Entity Tags: Ignacio Chapela, Mexico, Ministry of the Environment and Natural Resources

Timeline Tags: Seeds

The US, Mexico, and Canada enter into a trilateral agreement that allows food and grain shipments to have GM contamination levels as high as 5 percent. Shipments containing less than the five percent level will only have to bear a label indicating that the grain may contain genetically modified organisms. Additionally, accidental contamination of corn shipments into Mexico will not trigger any labeling requirements. Only the distributor will have to be informed of the contamination. The Mexican government enters into the agreement without the Mexican Senate’s approval. [Associated Press, 2/26/2004] Critics of the deal say the US is attempting to protect agricultural biotech companies and US agriculture. A large percentage of the country’s crop is genetically modified and as a result US farmers and biotechs are having a tough time finding markets abroad. Raising the acceptable contamination limits in other countries will help increase US grain exports. Critics also say that the deal could have a dramatically adverse effect on the genetic diversity of Mexico’s maize. It could result in the planting of more genetically modified corn since small farmers have been known to occasionally plant feed as seed. A few years before, maize growing in Oaxaca and Puebla was discovered to contain genetically modified genes (see October 2000; April 18, 2002). It is believed that the contamination was caused in part by farmers who had planted feed from local stores selling grain imported from the US. The ETC Group, a Canadian-based organization that is opposed to genetically modified crops, warns that if Mexico permits the import of grain with such high levels of contamination, the country’s “maize crop would be riddled with foreign DNA from the Rio Grande to Guatemala in less than a decade.” [ETC Group, 2/26/2004] Greenpeace believes that US efforts to convince countries to lower the accepted levels of contamination are aimed at undermining the Cartagena Protocol on Biosafety (see January 24-29, 2000), which has been set up to regulate transboundary shipments of genetically modified organisms. [Greenpeace, 2/11/2004]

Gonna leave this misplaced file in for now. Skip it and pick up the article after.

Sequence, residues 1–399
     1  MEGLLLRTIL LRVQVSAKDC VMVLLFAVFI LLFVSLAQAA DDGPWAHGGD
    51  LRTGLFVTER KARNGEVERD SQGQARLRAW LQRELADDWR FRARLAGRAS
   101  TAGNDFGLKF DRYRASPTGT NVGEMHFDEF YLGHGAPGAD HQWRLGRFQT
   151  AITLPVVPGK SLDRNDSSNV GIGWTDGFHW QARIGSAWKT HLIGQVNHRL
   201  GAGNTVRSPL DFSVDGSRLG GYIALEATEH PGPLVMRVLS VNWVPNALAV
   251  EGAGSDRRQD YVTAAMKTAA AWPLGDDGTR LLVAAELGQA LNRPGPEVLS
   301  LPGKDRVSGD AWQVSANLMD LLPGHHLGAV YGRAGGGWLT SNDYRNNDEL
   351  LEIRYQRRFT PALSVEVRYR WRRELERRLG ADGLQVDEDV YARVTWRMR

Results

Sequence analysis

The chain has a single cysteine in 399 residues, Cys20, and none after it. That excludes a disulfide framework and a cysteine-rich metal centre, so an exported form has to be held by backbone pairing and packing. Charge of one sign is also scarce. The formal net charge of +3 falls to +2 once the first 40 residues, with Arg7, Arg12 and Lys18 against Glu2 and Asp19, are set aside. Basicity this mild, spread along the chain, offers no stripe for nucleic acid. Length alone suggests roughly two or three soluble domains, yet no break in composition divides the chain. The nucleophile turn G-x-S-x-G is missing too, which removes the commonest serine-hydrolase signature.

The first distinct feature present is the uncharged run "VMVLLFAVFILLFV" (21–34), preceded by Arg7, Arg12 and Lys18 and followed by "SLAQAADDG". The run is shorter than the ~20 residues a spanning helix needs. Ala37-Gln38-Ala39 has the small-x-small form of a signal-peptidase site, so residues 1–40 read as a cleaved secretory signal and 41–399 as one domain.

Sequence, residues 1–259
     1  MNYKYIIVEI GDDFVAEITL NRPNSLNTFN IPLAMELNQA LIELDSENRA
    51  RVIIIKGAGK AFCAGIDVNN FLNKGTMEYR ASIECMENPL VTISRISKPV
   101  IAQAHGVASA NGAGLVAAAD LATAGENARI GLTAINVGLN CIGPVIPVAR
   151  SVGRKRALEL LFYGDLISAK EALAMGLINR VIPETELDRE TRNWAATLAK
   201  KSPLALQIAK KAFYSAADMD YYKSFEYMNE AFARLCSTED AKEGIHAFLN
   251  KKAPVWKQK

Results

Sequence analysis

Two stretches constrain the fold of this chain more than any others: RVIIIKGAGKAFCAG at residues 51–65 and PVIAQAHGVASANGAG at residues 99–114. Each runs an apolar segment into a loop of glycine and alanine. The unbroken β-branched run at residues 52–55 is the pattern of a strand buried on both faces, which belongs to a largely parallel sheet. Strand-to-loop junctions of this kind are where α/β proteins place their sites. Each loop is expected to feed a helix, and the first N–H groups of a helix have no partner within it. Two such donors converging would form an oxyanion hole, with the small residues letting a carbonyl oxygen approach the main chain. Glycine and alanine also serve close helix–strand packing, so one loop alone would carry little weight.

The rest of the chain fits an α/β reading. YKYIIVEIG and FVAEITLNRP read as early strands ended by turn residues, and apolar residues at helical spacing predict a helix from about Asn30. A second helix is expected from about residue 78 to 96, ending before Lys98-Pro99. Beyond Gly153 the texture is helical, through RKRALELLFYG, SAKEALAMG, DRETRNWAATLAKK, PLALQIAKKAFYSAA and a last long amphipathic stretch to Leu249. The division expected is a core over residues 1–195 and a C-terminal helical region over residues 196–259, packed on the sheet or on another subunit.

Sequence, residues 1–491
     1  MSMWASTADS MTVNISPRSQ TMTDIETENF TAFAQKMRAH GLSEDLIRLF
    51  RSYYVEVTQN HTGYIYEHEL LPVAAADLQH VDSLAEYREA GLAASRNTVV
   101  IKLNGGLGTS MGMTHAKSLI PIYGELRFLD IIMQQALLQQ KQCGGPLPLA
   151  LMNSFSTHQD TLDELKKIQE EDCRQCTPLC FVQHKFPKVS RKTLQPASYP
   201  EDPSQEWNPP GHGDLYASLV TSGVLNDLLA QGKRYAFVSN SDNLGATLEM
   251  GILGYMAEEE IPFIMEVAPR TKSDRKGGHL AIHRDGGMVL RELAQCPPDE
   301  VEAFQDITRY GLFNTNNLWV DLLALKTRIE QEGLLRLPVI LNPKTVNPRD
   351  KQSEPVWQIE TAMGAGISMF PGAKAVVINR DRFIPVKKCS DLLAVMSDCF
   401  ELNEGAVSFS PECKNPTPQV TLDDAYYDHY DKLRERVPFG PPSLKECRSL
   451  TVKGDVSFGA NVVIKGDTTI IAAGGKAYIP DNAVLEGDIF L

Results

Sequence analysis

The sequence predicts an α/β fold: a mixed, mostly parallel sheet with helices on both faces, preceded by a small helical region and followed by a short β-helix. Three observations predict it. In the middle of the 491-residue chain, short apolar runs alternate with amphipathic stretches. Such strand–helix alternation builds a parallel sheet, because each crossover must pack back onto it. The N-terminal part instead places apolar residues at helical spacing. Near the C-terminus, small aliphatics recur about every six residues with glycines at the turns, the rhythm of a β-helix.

Entity Tags: United States, Mexico

Timeline Tags: Seeds

McClatchy reports that economies in Latin America are beginning to improve following the global financial crisis. The signs of the recovery include a “booming” construction industry in Peru, strong property sales in Peru, and expanding software companies in Chile. However, McClatchy says that the recovery in Mexico and other Central American countries is lagging behind, due to the slow recovery in the US. Prior to the global financial crash, Latin America had experienced its best five years of prosperity since the 1950s. [McClatchy Newspapers, 9/28/2009]

Entity Tags: Peru, Brazil, Mexico, Chile

Timeline Tags: Global Economic Crises